Mara launches academy to boost digital financial literacy

The academy will educate Africans while increasing the adoption of digital finance and blockchain technology

In Summary

• Learners will enjoy self-paced learning and better understand savings and investment in blockchain.

• They will be educated on budgeting, setting financial goals, investing and wealth management using digital tools.

Mara team
Image: MARA

Mara, the Pan-African digital finance ecosystem, has launched an academy aimed at furnishing students with digital financial skills.

Mara Academy will see learners acquire knowledge on budgeting, setting financial goals, investing and wealth management using digital tools.

Mara co-founder and CEO Chi Nnadi said that the academy’s mission is to give every willing African the opportunity to learn skills that will qualify them for higher-level employment.

“Mara will be a critical ecosystem that will champion the African dream and build a more equitable workforce in the digital economy,” Nnadi said.

According to Gemini’s 2022 Global State of Crypto report, education is the most significant global barrier to digital assets ownership.

Nnadi said the fast-rising and increased usage of digital assets across Africa and beyond demands empowering Africans with the right skills and tools.

"Over 40 per cent of Africans are yet to purchase any digital assets due to a lack of trust and apprehension about price volatility. It is also because they do not understand how to buy and hold digital assets," he said.

He said it will also build a community of wealth creators, help them manage their wealth and create a future African talent pipeline.

“Prioritising financial literacy in Africa is important and the Mara Academy offers quality education, resources and opportunities,” Nnadi said.

Mara academy is set to achieve its mission through a series of pathways and an innovative curriculum delivery model.

Chosen partners will offer Africans equal access to upskilling education and a clear path to global opportunities.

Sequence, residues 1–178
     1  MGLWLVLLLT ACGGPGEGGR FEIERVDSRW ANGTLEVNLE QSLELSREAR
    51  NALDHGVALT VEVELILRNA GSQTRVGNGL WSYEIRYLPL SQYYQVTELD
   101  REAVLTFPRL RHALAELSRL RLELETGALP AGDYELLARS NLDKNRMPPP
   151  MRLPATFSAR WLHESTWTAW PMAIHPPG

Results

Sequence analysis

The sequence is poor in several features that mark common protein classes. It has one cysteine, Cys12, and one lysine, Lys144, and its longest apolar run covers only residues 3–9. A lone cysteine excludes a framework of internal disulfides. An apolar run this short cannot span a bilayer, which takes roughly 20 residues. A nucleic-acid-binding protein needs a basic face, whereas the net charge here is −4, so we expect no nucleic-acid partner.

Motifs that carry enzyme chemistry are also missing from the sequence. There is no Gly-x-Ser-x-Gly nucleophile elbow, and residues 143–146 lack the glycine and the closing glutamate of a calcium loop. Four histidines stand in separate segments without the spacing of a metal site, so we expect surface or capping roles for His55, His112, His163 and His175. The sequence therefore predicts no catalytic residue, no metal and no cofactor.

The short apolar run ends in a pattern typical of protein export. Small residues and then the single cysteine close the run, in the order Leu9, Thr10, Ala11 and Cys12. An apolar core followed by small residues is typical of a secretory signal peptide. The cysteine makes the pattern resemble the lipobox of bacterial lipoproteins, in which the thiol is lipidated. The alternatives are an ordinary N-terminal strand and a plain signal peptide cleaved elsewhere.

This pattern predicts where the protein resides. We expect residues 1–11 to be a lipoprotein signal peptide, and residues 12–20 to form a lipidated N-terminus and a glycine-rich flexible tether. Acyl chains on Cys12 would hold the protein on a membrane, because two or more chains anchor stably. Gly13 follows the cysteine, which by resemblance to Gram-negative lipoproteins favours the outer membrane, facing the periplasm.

They will range from highly skilled, multi-disciplinary technologists to non-traditional learners.

Mara co-founder and chief impact officer Kate Kallot said that the education program caters to anyone, anywhere and at any time.

“Through an innovative mix of delivery methods, partnerships and customisable content, we hope to meet people where they are,” Kallot said.

“We will create communities of like-minded people involved in digital finance and cultivating shared interests.”

Mara academy is designed and built with Africa-centric course content, providing lifetime access to all course resources.

These include instructors, videos, practice tests and capstone projects.

It will be built to educate more Africans, increasing the adoption of digital finance and blockchain technology.

The academy’s program consists of three content components.

This will include coursework focused on blockchain, developers and digital financial literacy.

As a result of a lack of education, digital asset scammers have targeted Africans with ponzi schemes promising to give lucrative returns.

They also promise to deliver above-market returns on staked tokens and yield farming eroding trust and interest in wider digital finance adoption in the process.

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